"Okay, that would be good. Thanks," says the guy in back.

    You're welcome.

    Now, back to work.

    --Lee
    Last edited by LeeNordling; Thursday, February 18, 2010 at 06:24 PM.



  7. LeeNordling Guest

    Quote Originally Posted by RonaldMontgomery View Post
    What I would ask myself:

    1. Opportunity costs -- How do my options compare?
    2. Non-pay benefits -- exposure, future opportunities
    3. Time value of money -- The value of money now versus money in the future
    4. Does payment follow standard practices in this sandbox?
    5. What about options when work is reprinted, adapted to other mediums, etc.?
    Nice list, Ronald.

    But do you not care WHAT you need to do with money you make?

    If you do, think about adding to that list (and repeat the entire list, just to make sure it covers all your bases, whatever they are).

    Oh, and since this is potentially a list for everybody, think about that, too.

    In theory, one set of questions COULD apply to everybody; it's the answers that will determine your response to a given set of circumstances.

    Still, a nice start.

    --Lee



  8. RonaldMontgomery Guest

    1. Opportunity costs -- How do my options compare?
    2. Non-pay benefits -- exposure, future opportunities
    3. Time value of money -- The value of money now versus money in the future
    4. Does payment follow standard practices in this sandbox?
    5. What about options when work is reprinted, adapted to other mediums, etc.?
    6. Money allocation
    a. taxes (halve your payments right here)
    b. living expenses
    c. business expenses (materials, office, legal, etc.)
    d. retirement, healthcare, assorted "benefits"
    7. If foreign, currency exchange rate used for payment.
    8. How payment is made -- check, direct deposit, Western Union MoneyGram (TM)



  9. LeeNordling Guest

    Quote Originally Posted by RonaldMontgomery View Post
    1. Opportunity costs -- How do my options compare?
    2. Non-pay benefits -- exposure, future opportunities
    3. Time value of money -- The value of money now versus money in the future
    4. Does payment follow standard practices in this sandbox?
    5. What about options when work is reprinted, adapted to other mediums, etc.?
    6. Money allocation
    a. taxes (halve your payments right here)
    b. living expenses
    c. business expenses (materials, office, legal, etc.)
    d. retirement, healthcare, assorted "benefits"
    7. If foreign, currency exchange rate used for payment.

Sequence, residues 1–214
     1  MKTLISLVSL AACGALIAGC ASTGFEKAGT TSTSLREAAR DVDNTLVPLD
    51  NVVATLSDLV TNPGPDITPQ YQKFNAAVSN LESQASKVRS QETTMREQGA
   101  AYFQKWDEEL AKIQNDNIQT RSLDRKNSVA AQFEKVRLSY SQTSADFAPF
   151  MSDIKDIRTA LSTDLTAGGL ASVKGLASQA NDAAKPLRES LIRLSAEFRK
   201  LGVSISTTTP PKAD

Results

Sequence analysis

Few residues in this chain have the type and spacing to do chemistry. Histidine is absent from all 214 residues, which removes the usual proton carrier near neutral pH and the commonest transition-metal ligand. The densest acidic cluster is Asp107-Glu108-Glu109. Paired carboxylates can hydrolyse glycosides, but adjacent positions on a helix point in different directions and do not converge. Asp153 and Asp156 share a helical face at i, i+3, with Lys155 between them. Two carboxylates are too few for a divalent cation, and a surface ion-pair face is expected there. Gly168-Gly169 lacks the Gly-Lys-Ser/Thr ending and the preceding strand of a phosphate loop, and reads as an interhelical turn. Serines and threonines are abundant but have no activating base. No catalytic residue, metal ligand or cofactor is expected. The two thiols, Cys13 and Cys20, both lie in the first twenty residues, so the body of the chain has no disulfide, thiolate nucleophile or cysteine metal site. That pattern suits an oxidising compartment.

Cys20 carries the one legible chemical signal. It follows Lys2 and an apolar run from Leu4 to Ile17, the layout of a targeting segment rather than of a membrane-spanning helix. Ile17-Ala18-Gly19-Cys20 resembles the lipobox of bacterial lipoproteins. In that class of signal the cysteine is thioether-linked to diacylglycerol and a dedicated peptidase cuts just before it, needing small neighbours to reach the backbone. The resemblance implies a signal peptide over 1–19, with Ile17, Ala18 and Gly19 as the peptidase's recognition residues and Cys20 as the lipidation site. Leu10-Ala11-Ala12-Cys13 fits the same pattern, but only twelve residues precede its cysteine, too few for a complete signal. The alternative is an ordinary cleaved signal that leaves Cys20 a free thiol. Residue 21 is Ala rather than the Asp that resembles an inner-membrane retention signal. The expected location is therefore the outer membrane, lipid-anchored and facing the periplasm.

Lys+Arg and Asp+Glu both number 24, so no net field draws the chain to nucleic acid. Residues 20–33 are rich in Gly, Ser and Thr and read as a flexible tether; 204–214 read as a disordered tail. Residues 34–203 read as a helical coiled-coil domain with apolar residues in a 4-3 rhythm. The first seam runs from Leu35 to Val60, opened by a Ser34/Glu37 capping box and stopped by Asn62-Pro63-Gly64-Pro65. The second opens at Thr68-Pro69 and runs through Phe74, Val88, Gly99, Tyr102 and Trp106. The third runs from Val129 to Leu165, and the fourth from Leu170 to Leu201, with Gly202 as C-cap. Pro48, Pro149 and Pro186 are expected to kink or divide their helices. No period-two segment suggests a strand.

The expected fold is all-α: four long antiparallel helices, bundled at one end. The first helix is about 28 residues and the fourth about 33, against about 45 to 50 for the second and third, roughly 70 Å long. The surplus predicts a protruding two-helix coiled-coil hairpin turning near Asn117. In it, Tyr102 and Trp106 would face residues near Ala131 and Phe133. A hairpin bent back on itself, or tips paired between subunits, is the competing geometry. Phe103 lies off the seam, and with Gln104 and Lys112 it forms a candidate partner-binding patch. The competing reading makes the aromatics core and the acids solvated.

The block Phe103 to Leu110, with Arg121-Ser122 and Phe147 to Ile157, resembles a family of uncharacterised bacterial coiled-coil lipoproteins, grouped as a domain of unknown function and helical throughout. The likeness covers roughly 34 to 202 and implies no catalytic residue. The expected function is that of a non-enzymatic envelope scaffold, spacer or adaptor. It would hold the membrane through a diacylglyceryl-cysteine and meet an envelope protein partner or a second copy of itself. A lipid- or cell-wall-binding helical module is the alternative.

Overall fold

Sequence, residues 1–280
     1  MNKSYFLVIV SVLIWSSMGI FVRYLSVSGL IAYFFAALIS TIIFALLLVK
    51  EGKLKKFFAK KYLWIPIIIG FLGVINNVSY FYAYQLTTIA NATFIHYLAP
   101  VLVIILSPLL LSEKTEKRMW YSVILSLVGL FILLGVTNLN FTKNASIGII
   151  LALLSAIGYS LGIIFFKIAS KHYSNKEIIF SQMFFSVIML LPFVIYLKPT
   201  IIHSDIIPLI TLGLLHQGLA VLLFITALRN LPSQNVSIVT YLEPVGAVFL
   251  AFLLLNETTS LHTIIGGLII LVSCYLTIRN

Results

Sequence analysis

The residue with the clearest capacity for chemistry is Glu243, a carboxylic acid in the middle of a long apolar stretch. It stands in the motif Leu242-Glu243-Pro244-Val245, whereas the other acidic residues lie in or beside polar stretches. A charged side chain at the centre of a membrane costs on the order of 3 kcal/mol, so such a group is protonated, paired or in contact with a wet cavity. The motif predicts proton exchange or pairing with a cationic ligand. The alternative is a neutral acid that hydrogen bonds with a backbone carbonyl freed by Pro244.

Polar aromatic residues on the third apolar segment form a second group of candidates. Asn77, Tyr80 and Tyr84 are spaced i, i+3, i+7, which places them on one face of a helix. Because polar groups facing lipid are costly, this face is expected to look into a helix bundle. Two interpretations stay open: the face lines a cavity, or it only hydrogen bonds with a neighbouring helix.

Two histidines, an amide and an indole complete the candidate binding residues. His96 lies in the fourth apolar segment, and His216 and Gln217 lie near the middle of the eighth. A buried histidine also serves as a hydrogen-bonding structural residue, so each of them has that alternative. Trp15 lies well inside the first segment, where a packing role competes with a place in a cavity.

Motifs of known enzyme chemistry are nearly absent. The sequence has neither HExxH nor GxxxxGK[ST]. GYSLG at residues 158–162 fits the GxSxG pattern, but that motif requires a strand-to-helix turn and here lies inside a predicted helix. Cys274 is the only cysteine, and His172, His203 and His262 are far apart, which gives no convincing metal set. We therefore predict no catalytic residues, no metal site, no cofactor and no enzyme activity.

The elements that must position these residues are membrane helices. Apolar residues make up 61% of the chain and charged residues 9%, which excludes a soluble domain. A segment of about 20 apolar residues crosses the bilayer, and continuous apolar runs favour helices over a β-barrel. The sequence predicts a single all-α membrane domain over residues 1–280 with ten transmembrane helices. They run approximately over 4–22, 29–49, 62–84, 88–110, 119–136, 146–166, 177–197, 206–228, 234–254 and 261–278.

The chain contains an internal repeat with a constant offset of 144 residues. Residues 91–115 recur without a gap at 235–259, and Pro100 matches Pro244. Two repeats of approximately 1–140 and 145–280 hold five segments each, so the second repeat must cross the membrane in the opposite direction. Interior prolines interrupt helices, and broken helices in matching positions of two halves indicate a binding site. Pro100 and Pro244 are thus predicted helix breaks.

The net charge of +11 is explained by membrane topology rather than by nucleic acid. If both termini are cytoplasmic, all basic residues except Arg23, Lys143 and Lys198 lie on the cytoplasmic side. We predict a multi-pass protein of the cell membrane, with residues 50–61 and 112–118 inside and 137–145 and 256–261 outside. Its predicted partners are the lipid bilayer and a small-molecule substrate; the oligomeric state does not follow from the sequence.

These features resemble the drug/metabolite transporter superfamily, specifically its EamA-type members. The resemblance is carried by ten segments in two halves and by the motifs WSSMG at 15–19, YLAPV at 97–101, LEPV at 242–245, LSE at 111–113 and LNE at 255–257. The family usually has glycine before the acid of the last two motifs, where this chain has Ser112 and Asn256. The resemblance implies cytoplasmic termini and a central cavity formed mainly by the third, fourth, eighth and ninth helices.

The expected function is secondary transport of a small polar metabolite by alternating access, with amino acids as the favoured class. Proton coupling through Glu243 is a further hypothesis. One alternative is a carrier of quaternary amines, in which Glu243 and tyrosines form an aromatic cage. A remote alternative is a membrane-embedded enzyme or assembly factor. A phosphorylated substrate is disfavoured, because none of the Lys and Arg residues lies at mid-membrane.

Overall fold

8. How payment is made -- check, direct deposit, Western Union MoneyGram (TM)
    Let's turn this to questions, rather than subjects.

    Living expenses. What does that mean? Is that a subset of a broader question?

    Should THAT question be: Why do I need the money?

    There are going to be a thousand personal answers to that, so that seems like a good "allocation" question.

    Try it again.

    And glad to see you sticking with this.

    Thanks.

    --Lee



  10. Rain Guest

    Quote Originally Posted by LeeNordling View Post

    So, what are the BASIC questions a creator needs to ask about PAYMENT?
    OK, my (as of now) complete list (until Lee prods for more, or someone else jogs additions)

    1) Is the payment fair when weighed against the amount of time and effort I'll be putting into the project?

    2) Do I trust this employer to actually pay me my money, and in a timely manner? Do they have a good track record?

    3) Have I explored other publication options for this project (if I created it), ensuring I can't get more compensation elsewhere?

    4) If the pay isn't great, will that be offset by the exposure the project will bring me? Can this project bring more paid gigs?

    5) In the event the project is nixed for any reason, at anytime, have we established a kill-fee so I'm not left high and dry?

    6) I've got bills to pay, and a home down payment I want to add to, so: Is this comics project the most productive use of my time away from my "day job," or can I expend my efforts elsewhere to better supplement my regular income?

    7) What about options when work is reprinted, adapted to other mediums, etc.? (Blatant rip-off from Ronald's list)

    8) How payment is made -- check, direct deposit, Western Union MoneyGram (Again, ripped from Ronald.)

    Rain